An amendment to Chinese Employment Contract Law (the Amendment) provides new challenges for businesses operating in China. It was released by the Standing Committee of the National People’s Congress on 28th December, 2012, and will be implemented on 1st July, 2013.
This is the first amendment to the law, which came into effect on 1st January, 2008. It focusses on the issue of labour dispatch, a term that refers to the practice of hiring employees through an employment service agency as opposed to direct employment. In the following article Ms Wei Lu, founder and COO of CDP Group Ltd in Shanghai, outlines the potentially far-reaching implications and advises companies to start formulating a plan as soon as possible.
Over the past five years the practice of labour dispatch has been frequently criticised by the media, particularly with regard to the issue of ‘equal pay for the equal work’. The legislature made this Amendment so as to regulate the practice of labour dispatch more strictly, mainly by clarifying and expanding some of the vaguer articles of Employment Contract Law.
The situation of dispatching labour is quite unique to China. Initially, as foreign companies could only be registered as representative offices or branches that couldn’t hire employees directly, they were advised to hire employees through government agencies. This changed after WTO when dispatching services were suddenly available on the open market, with much easier entry for dispatching service vendors. Over the past decade it has become common practice for all kinds of companies to use dispatching services.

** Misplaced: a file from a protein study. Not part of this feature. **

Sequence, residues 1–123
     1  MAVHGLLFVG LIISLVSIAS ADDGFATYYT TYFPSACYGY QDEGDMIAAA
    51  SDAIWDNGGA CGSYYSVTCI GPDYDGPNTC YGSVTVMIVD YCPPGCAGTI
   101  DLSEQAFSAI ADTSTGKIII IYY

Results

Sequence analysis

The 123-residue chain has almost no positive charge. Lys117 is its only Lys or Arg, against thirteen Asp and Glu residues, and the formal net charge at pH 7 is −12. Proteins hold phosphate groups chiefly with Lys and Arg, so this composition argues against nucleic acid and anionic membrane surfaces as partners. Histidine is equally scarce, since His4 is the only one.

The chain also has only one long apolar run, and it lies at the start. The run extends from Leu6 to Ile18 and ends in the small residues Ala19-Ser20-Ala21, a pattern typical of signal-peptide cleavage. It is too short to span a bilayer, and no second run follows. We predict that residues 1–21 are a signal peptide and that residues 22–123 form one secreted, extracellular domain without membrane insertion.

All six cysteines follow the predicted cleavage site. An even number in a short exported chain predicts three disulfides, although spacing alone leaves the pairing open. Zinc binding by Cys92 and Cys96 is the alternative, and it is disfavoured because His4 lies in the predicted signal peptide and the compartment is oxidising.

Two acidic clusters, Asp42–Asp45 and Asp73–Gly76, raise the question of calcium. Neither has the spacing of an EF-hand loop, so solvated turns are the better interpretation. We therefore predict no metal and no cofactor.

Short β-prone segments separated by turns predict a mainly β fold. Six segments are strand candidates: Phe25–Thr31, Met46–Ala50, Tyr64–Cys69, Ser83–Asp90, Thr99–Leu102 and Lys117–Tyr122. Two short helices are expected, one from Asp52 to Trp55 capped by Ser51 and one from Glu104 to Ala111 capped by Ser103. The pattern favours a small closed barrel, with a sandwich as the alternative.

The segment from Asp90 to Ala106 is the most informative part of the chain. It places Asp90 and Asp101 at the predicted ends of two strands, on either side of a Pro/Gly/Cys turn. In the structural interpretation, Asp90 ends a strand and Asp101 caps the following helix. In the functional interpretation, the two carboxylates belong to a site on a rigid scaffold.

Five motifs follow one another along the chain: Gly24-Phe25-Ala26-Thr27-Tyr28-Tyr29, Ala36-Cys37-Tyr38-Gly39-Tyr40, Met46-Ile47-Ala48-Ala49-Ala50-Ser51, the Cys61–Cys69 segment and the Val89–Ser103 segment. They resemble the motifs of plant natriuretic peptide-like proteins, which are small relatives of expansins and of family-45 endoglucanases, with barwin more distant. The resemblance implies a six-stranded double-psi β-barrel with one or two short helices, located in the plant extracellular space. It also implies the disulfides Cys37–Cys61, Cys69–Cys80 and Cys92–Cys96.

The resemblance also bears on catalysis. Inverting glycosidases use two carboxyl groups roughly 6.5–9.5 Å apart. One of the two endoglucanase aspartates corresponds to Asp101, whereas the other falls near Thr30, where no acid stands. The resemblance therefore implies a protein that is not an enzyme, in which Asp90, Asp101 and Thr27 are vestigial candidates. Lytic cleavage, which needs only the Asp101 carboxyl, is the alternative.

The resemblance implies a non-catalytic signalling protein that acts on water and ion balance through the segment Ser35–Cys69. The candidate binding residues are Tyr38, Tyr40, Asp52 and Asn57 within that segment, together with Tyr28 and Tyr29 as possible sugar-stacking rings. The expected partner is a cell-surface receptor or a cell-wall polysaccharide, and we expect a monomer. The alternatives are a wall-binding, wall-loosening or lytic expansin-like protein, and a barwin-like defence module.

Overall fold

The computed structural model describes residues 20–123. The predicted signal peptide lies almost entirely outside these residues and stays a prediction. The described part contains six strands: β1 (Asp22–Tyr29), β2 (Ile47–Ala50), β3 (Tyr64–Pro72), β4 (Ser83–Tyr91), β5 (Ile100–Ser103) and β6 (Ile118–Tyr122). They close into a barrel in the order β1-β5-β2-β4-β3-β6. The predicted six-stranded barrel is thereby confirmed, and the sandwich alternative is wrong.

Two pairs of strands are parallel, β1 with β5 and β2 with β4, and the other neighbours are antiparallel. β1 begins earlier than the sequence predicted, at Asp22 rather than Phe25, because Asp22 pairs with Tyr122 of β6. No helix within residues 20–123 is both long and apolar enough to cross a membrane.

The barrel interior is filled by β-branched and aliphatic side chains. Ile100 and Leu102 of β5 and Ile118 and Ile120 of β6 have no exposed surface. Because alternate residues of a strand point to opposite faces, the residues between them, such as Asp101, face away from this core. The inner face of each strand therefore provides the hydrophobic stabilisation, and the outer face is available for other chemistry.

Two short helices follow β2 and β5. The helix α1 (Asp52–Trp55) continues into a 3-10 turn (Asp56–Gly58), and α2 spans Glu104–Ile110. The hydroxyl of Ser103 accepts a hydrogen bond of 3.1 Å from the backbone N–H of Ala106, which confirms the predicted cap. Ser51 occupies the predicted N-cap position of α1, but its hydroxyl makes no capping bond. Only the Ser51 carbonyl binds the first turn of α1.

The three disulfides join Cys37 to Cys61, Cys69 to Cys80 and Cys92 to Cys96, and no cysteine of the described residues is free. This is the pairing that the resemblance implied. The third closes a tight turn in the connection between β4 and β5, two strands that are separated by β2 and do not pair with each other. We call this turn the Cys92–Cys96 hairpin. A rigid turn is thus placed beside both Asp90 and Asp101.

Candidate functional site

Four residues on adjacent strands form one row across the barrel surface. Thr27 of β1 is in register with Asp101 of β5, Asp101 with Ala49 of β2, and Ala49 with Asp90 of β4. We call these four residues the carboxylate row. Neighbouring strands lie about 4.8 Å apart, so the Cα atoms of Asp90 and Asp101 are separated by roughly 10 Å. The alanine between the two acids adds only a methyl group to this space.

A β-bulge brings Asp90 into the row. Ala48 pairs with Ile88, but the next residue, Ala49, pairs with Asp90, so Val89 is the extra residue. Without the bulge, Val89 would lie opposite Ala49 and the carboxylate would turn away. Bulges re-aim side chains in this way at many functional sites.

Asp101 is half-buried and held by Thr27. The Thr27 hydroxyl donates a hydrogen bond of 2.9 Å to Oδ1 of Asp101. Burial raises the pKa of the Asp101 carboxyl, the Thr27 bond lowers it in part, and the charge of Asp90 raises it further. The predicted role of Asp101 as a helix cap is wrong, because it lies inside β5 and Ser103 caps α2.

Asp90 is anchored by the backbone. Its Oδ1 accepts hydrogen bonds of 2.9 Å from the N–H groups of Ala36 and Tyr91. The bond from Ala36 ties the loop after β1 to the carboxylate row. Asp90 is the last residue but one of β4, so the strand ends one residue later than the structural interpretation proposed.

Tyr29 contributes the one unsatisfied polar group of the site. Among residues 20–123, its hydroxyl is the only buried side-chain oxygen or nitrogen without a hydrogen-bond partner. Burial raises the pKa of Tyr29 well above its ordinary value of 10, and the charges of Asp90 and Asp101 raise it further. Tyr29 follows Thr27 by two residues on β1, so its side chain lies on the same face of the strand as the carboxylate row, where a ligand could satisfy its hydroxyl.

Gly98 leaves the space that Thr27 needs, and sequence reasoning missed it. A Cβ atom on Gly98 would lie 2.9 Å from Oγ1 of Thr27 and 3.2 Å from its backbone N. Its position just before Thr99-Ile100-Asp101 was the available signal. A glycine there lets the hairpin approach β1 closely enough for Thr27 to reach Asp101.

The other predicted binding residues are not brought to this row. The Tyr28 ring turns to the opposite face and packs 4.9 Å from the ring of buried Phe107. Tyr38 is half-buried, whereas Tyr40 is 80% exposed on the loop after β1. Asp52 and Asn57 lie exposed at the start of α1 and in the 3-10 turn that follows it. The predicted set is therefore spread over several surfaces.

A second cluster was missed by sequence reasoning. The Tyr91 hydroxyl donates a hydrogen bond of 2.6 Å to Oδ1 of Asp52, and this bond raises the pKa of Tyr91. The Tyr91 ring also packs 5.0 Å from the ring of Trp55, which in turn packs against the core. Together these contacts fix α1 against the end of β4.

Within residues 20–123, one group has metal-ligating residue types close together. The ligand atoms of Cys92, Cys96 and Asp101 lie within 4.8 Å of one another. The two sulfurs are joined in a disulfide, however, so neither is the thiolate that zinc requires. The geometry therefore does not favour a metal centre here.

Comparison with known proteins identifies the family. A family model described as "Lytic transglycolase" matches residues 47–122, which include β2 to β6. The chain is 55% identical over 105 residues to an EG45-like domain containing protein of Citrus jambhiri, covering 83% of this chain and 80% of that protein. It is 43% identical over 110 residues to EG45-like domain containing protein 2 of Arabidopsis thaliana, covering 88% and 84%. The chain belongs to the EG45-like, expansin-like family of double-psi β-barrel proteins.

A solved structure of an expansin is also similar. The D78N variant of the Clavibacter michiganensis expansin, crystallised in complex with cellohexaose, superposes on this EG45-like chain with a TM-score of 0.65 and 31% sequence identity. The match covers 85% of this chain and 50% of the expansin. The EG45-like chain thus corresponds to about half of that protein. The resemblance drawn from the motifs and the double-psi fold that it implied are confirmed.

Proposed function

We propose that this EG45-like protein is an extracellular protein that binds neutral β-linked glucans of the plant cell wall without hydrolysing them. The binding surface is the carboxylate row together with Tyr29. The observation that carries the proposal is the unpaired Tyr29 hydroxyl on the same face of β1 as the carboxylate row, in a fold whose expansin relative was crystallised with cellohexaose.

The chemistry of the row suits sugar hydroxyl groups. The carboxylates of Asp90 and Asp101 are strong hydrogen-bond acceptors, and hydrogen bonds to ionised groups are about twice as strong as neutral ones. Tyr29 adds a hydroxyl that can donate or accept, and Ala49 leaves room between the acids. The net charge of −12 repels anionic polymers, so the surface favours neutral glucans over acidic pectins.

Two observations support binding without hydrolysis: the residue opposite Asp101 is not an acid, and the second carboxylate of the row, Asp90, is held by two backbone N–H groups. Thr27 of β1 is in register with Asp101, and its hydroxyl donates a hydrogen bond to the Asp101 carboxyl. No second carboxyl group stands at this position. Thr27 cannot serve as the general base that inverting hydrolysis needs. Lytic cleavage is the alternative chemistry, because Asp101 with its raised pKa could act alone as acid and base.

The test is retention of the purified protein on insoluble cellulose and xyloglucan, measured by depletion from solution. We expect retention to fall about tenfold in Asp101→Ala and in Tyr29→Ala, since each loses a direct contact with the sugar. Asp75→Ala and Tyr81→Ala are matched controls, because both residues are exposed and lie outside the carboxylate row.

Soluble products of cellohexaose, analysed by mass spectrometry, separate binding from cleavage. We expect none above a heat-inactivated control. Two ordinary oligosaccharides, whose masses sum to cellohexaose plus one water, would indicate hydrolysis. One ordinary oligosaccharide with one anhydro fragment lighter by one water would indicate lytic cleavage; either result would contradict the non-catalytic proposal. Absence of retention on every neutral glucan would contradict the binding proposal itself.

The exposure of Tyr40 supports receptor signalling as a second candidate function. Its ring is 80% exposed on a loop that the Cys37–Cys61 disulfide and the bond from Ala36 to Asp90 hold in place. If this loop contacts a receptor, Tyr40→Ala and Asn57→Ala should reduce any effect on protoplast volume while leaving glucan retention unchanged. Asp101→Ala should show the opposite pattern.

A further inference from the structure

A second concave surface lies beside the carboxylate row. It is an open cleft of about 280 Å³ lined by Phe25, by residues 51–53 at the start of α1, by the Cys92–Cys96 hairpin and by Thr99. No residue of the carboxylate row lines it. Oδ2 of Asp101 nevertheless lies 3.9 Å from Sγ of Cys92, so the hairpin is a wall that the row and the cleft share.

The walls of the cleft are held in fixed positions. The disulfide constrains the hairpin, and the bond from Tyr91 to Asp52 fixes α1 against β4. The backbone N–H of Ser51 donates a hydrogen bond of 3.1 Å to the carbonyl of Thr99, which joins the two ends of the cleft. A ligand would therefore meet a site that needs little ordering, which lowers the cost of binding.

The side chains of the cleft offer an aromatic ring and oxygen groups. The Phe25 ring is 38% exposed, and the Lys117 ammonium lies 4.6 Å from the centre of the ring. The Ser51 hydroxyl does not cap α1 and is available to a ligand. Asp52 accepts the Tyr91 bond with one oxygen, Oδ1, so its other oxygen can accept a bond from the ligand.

So what are the implications if the Amendment requires companies to ‘take back’ a huge number of dispatched staff by 1st July of this year when the legislation takes effect? Will companies be able to bear the huge costs involved, or have the capabilities to build the infrastructure to support the management of these employees? What are the long term risks to companies? These are the critical issues that companies need to address.
In summary the major points of the Amendment can be classified into the following four categories:
New requirements for qualification
Labour dispatch providers will now be required:
- To have a minimum registered capital of RMB 2,000,000;
- To establish their internal management procedures and policies specifically for labour dispatch business services. It should closely follow all criteria of the Amendment, and Labour Authorities are empowered to examine and approve new administrative licenses of all labour dispatch businesses.